Oregon Supreme Court overturns PERS rollbacks

For the most part, public employee unions are reacting favorably to an Oregon Supreme Court ruling March 8 overturning two provisions of a sweeping package of changes to the Public Employees Retirement System.

The court ruled that PERS reforms — under House Bills 2004 and 2005 — violated the Constitution in two ways. First, the judges ruled that it was an illegal violation of contract rights for the Legislature to suspend cost-of-living-adjustments for members who retired between March 2000 and March 2004.

Second, the court ruled that the Legislature illegally redefined the Assumed Rate Guarantee. This, according to union officials, was a huge victory because it means that PERS will have to return to crediting Tier 1 accounts (workers who joined PERS before 1996) with a minimum of 8 percent per year, rather than an average of 8 percent over their lifetimes.

That change alone will significantly increase retirement benefits for many public employees.

“The 8 percent guarantee piece is roughly half of the overall cost of the PERS reforms, to the tune of about $4.5 billion,” said labor lawyer Greg Hartman, who represented Oregonians for Retirement Security, a coalition of public employees who sued the state after the changes were implemented. “ The COLA piece is another $400 million plus, which means we got back about $5 billion. That’s a huge win, no matter what the other side may be saying.”

Hartman said the decision upholds the promise public employers made to their employees — “and that was the right thing to do. The court didn’t rule with employees in all cases, but they did say a deal is a deal.”

In 4-3 decisions, the court upheld the Legislature’s plan to update actuarial tables on life expectancy, and to steer future employee contributions into newly-established 401(k)-like individual retirement accounts. The court also found that eliminating members’ contributions to the PERS variable account program was constitutional.

PERS has about 308,000 active and retired enrollees, including 185,000 represented by the Oregonians for Retirement Security Coalition. That coalition includes school teachers, some police, firefighters, nurses, corrections officers and many other classifications.

Richard Strunk, a 54-year-old high school English teacher in the North Douglas School District, whose projected retirement would be reduced by $462 a month because of the changes, was the lead plaintiff in the lawsuit.

Public employees presented their lawsuit as “an issue of fairness.” They had made life decisions based on what they calculated in their pension benefits, and many stayed in public service based on those promises.

“PERS might not be perfect, but the Legislature and governor went too far (with the changes). It just wasn’t right for the Legislature to be so careless with the promise I built my life on,” said Larry Blumenstein, a PERS participant and member of Fire Fighters Local 314 with the City of Salem, at a press conference in Southeast Portland following the court ruling.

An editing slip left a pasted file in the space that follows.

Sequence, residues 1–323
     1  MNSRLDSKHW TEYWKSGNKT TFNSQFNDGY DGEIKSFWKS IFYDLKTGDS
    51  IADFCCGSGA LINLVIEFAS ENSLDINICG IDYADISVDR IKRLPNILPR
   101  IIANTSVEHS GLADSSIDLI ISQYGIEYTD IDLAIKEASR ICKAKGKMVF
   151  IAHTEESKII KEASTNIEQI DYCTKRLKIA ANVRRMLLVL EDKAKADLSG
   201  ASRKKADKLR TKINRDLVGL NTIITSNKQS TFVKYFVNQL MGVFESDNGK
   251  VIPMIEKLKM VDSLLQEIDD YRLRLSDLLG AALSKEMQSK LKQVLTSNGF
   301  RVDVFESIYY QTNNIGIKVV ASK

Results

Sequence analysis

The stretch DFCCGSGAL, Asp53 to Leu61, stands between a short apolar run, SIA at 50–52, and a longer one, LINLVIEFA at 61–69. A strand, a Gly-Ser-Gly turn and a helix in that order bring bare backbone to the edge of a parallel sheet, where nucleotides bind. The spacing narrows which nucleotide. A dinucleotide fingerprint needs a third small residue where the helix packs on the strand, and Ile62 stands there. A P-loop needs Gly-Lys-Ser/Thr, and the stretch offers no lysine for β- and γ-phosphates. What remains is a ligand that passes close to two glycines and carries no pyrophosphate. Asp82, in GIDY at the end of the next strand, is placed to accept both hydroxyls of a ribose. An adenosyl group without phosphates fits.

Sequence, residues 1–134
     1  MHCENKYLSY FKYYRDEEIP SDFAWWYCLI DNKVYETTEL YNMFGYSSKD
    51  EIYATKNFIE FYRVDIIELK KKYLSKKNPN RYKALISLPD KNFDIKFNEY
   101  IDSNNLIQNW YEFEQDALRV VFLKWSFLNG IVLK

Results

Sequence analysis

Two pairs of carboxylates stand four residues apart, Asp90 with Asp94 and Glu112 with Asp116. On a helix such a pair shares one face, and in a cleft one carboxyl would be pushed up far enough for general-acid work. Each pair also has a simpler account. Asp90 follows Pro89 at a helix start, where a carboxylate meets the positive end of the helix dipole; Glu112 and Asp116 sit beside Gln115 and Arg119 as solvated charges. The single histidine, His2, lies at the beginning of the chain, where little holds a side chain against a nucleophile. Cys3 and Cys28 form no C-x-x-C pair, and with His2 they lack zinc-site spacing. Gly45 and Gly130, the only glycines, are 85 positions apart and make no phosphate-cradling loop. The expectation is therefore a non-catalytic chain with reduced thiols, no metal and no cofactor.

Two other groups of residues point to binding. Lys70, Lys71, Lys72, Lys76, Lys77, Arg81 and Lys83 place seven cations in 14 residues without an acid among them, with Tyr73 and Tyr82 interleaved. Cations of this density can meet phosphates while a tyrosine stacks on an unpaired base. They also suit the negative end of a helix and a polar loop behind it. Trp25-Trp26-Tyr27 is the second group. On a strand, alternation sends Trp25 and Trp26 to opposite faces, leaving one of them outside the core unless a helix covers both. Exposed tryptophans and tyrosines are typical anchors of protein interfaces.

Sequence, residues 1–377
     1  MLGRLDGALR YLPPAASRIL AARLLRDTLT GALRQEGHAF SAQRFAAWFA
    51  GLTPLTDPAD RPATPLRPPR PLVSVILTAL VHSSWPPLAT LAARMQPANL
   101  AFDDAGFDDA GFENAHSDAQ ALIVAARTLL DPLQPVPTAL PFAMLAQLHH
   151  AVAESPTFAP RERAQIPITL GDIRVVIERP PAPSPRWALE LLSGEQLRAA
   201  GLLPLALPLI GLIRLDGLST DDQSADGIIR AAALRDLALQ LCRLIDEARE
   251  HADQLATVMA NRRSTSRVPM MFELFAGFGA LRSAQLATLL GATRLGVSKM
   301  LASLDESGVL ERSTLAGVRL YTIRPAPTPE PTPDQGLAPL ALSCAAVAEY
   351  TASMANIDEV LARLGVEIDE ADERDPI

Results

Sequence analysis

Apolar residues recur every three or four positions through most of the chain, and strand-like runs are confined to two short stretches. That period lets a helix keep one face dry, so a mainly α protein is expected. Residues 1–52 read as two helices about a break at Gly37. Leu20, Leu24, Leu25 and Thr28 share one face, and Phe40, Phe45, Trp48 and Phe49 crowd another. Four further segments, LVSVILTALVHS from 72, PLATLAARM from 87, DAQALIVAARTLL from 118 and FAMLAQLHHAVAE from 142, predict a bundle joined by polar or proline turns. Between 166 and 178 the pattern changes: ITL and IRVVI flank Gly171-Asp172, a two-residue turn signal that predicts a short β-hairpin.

Linda Johnson, a library technician at Oregon Health & Science University and a member of AFSCME Local 328, was another person impacted by the rollbacks to PERS. “A year and a half ago the Legislature cut my retirement benefits by over $400 a month. If I can’t depend on my retirement, what’s going to happen to me? I don’t know what they were thinking when they made these cuts, but I’m so grateful that somebody has stepped in and said it wasn’t fair,” she said.

Hartman said by passing the laws, the 2003 Legislature went against the advice of its own legislative counsel and state attorney general — both of whom predicted the laws would be struck down as a breach of contract.

Strunk is only the first of several Oregon lawsuits dealing with the 2003 PERS reforms. In the next few months a Supreme court decision is expected on the City of Eugene case, also known as the “Lipscomb” decision. The case shares many points of law with Strunk, union officials said, and it’s possible public employees could see additional relief from the case — part of which targets how PERS credits interest on the variable accounts.

At the time they filed Strunk, Oregonians for Retirement Security Coalition also filed a parallel case (Robertson) in the U.S. Ninth District. State and federal pension law is similar, but there are enough differences to warrant filing the dual cases, said Don Loving, communications director for AFSCME Council 75.

Hartman told the PERS coalition last Friday that after reviewing Strunk in detail, he believes he can “frame a compelling case” on the 6 percent issue for the federal court.

“Through companion legislation, Strunk was fast-tracked directly to the Oregon Supreme Court,” Loving said. “The Robertson case continues to wind through the much slower federal system.

Other lawsuits also are in the pipeline, including the Lundgren case, which takes aim at the 2003 Legislature’s HB 2020, that involves the “break-in-service” issues. That bill has severely impacted displaced custodians at Portland Public Schools.

More than 300 union custodians were laid off between July 8 and Aug. 23, 2002, after the School Board voted to contract-out the work. Many of the custodians were Tier 1 PERS participants. Some found jobs with other public agencies, but they were out of the retirement system longer than six months, so they were hired as Tier 2 participants.

By itself, the Strunk decision could potentially impact PERS and the state budget in 2007, Hartman said. However, good returns in the stock market in 2005 and 2006 could mitigate those numbers substantially.

“It’s wait-and-see time,” Hartman said. “There is no immediate crisis.”